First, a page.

• The thing is, consumers don't care. Yes, this should be unacceptable. But the fact is most people don't see platform updates as a selling point. Many actually see them as a negative.
  • EXACTLY....platform updates more often than not introduce bugs! Monthly security updates less so, but even then any "new" piece of code can introduce all sorts of nasty junk. Usually, (not always) but usually the phone works great OOTB, and then it get's the latest greatest and turns into a malfunctioning piece of junk. You're better off buying a new phone with the latest greatest installed at the factory if you must have it. The differences from one version to the next for the vast majority of people is no big deal. People just want their phone to work!
  • In the US most people use their Android phones for 2 years or even less. A phone launching today with Android 10 or 11 will see them through just fine with quarterly security patches. The importance of os updates is grossly exaggerated.
  • Most people HERE use their Android phones two years or less... actually... one year or less... and six months or less. Most folks I see using Android in... the real world... exceed two years, many three... or more. Getting back on thread... Sammy is a huge culprit of using a year old Android OS and releasing it in their 'new' phones. Most call this b.s.
  • Exactly! I’ve said the same before too. We commenting here are a *miniscule* drop of mobile phone users; not a “regular” drop, just simply minutely small. If AC were to do a tally of ALL commenters on ALL articles they’d be hard-pressed to come up with 100,000, or even more generously, one-tenth of that (10,000). So, we here can shoot all the **** we like, but *real* users use their devices ‘til they don’t "go" anymore, THEN, they replace them with whatever “best deal” they can get at their carriers – for whatever device the salesperson pushes at them. I’m on my second Samsung smartphone device (not counting my first Samsung flip type and then their Nexus). I too have complained about Samsung perennially releasing devices with year-old software: My current Note10+ released in August 2019 came with Android 9. Why?! That software was already ONE YEAR OLD! And, no doubt, they must have had their hands on version 10 for a few months well, as Google would have certainly been releasing it to device makers. The one silver lining? It seems Samsung has heard and taken my complaints (LMAO!) of just two years OS updates into consideration in making their recent announcement of a new 3-year support policy, albeit for a restricted number of devices. However, unlike many blogs’ enthusiasts, I’m NOT jumping for joy with that. My CAN$1,500 high-end phone should be getting the same 5-year support as an Apple $1,500 high-end device – or even their $600 ones for that matter!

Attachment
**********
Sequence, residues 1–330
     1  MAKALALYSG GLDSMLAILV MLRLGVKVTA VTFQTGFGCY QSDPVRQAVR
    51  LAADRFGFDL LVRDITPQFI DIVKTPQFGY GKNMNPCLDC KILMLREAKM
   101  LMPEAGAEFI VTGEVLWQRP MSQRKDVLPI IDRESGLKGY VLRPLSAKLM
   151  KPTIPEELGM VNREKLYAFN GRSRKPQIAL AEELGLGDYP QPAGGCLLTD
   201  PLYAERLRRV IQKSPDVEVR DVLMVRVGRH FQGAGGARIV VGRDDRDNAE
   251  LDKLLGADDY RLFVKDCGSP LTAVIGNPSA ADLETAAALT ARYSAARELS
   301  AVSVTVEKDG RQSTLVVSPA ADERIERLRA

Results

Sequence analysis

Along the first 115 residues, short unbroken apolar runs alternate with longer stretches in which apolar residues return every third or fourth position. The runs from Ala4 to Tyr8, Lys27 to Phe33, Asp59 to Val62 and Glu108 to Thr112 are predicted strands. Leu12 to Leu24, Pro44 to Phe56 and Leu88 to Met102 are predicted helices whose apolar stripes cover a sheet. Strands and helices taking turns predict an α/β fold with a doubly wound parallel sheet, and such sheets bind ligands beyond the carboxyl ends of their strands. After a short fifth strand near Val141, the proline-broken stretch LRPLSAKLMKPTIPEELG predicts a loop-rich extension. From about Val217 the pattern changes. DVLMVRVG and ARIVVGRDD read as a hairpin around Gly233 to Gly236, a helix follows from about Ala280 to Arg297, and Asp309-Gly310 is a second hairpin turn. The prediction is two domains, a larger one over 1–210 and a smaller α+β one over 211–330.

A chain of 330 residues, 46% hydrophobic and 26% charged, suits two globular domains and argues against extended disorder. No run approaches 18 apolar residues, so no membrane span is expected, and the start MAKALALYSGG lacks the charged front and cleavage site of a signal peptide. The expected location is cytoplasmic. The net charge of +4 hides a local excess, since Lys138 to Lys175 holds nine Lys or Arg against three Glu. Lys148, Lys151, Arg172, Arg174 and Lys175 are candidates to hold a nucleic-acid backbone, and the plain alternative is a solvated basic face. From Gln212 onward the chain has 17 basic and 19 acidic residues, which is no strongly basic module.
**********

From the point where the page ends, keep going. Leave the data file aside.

• I can understand that getting only one update...say from 10 > 11 is basically a rip off...but there's also the consideration of the timing of the phones design to assembly. Sometimes things are just too far along to slap on the latest greatest just because it has been released. Now did the manufacturer time thing this way on purpose??? Maybe! But if not, then forcing the release to have the latest greatest can lead to all sorts of issues...especially when there are numerous Bugs in the latest version. Just go to the OnePlus forum (if you can stomach it) and look at the plethora of issues being discussed (complained about) with the "new" 8T which has Android 11 OOTB. Maybe if they stopped releasing a phone every 15 minutes, and just went with Android 10, (which is a little more stable) they would not be having so many issues. Of course it appears as if the majority of the complaints seems to be with the Indian version (maybe because it's also built in India???) but at any rate it seems that Android 11 is not quite ready for prime time!
  • I've been using a Nokia 7.1 for the last two years but, for a complicated issue with my carrier, which I won't go into now, I've now purchased the 7.2 instead of waiting for the 7.3. Out of the box it updated to 10 and will still receive 11 early next year. I'm ok with that even though it will never get 11. By the time I'm ready to purchase my next device, 12 won't be that far behind me. To be honest, I don't think there's a massive difference between 9, 10 and 11 anyway. Do love 10 gestures though.
  • Should read "never get 12".
  • If OEMs stopped trying to make their own flavor of Android it would be a lot easier. Samsung has bloated their version so badly it isn't really a surprise they were lagging in updates. Google appears to have shifted the design of Android so OEMs don't need to edit the core OS for design or GUI elements. I'd argue this is the only reason Samsung has gotten better at providing updates.